Becoming involved – laying the groundwork in the elementary school years

The reality is that some parents have more time than others to become involved, but it’s important for even very busy parents to examine their priorities and carve out some time, even if it’s brief. Some schools are working out more flexible schedules so that working parents have more options. The National Education Association recommends some specific ways for parents to become more involved in their child’s education.

At home:

Read to your child — reading aloud is the most important activity that parents can do to increase their child’s chance of reading success
Discuss the books and stories you read to your child
Help your child organize his/her time
Limit television viewing on school nights
Talk to your child regularly about what’s going on in school
Check homework every night

At school: Meet with a teacher or other school staff member to determine where, when and how help is needed and where your interests fit in. Volunteer time. Parents can:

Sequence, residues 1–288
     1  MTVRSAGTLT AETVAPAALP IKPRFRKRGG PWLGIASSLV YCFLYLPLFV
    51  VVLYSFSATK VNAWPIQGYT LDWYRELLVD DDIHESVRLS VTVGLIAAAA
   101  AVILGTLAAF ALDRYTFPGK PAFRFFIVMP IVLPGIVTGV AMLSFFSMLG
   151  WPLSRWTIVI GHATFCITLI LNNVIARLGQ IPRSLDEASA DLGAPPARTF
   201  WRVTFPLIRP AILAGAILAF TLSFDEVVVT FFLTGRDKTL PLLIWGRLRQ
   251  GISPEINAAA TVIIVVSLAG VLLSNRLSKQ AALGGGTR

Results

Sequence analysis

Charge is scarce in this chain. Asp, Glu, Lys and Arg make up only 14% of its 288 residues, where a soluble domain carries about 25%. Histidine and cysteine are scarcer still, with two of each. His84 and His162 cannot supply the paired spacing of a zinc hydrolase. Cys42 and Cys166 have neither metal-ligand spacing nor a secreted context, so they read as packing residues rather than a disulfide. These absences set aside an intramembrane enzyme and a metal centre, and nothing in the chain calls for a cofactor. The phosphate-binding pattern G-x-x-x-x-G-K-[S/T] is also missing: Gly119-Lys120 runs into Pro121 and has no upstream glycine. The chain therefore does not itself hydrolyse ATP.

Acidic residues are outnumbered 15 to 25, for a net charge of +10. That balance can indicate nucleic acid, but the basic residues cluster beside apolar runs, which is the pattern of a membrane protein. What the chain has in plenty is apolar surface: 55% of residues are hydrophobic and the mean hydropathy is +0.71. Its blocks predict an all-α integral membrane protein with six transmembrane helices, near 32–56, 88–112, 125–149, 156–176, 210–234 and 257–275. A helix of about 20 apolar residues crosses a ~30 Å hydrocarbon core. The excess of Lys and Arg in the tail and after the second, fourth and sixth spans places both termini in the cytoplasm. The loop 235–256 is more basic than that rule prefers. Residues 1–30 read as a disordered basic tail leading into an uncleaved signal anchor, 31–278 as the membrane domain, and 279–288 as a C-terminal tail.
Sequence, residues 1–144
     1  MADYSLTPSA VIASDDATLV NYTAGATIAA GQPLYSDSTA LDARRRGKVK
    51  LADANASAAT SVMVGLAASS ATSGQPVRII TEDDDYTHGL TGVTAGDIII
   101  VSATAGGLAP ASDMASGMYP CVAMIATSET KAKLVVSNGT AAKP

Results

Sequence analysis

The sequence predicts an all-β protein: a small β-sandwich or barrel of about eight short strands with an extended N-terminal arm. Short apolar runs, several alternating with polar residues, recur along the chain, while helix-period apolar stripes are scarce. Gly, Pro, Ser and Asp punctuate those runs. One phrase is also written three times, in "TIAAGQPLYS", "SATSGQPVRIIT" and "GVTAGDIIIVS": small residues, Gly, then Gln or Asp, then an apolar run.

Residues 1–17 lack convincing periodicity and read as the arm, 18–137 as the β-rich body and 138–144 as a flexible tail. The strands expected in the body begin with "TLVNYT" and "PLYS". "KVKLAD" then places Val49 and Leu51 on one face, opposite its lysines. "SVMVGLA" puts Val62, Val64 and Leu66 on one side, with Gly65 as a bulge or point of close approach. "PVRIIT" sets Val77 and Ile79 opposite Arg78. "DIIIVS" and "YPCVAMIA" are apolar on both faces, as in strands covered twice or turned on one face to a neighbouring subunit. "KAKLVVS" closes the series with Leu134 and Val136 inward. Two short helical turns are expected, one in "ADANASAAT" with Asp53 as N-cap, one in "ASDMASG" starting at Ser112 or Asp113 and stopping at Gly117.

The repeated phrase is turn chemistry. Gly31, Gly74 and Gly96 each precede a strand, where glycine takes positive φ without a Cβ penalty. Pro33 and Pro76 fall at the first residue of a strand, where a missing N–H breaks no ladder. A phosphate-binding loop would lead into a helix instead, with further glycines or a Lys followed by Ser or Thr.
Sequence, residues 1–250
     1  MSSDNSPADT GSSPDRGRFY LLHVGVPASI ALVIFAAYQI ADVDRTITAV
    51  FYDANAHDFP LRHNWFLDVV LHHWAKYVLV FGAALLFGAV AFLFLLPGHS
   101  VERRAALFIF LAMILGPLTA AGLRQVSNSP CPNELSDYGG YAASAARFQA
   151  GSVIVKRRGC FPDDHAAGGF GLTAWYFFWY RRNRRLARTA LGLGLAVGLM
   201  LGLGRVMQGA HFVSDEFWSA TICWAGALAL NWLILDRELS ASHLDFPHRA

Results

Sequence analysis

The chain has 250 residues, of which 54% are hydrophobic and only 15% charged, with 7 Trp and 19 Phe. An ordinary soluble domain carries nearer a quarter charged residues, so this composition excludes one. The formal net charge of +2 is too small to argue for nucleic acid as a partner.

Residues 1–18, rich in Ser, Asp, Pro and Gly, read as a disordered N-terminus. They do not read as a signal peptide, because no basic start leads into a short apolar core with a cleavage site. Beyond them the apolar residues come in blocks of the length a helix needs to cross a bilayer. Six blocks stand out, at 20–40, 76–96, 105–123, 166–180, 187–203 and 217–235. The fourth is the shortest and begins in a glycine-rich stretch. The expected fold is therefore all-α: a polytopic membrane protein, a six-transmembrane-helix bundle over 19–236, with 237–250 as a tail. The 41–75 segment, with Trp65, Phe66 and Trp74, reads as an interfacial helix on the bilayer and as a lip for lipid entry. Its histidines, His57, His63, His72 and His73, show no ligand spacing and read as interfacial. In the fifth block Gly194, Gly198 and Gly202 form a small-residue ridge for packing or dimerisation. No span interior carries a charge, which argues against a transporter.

Be classroom helpers
Tutor or read with individual children
Assist children with special needs
Help in special labs, such as computer or science
Plan and work in fundraising
Plan and accompany classes on field trips
Assist coaches at sporting events
Help out with arts and crafts workshops
Assist with a special interest club or drama group
Speak to classes about your career or special expertise
Help write press releases or local news articles
Work as a library assistant; help with story time
Vote in school board elections – know what the candidates stand for
Participate in parent-teacher associations and school decisions
Help your school set challenging academic standards
Become an advocate for better education in your community and state.

The possibilities are endless.

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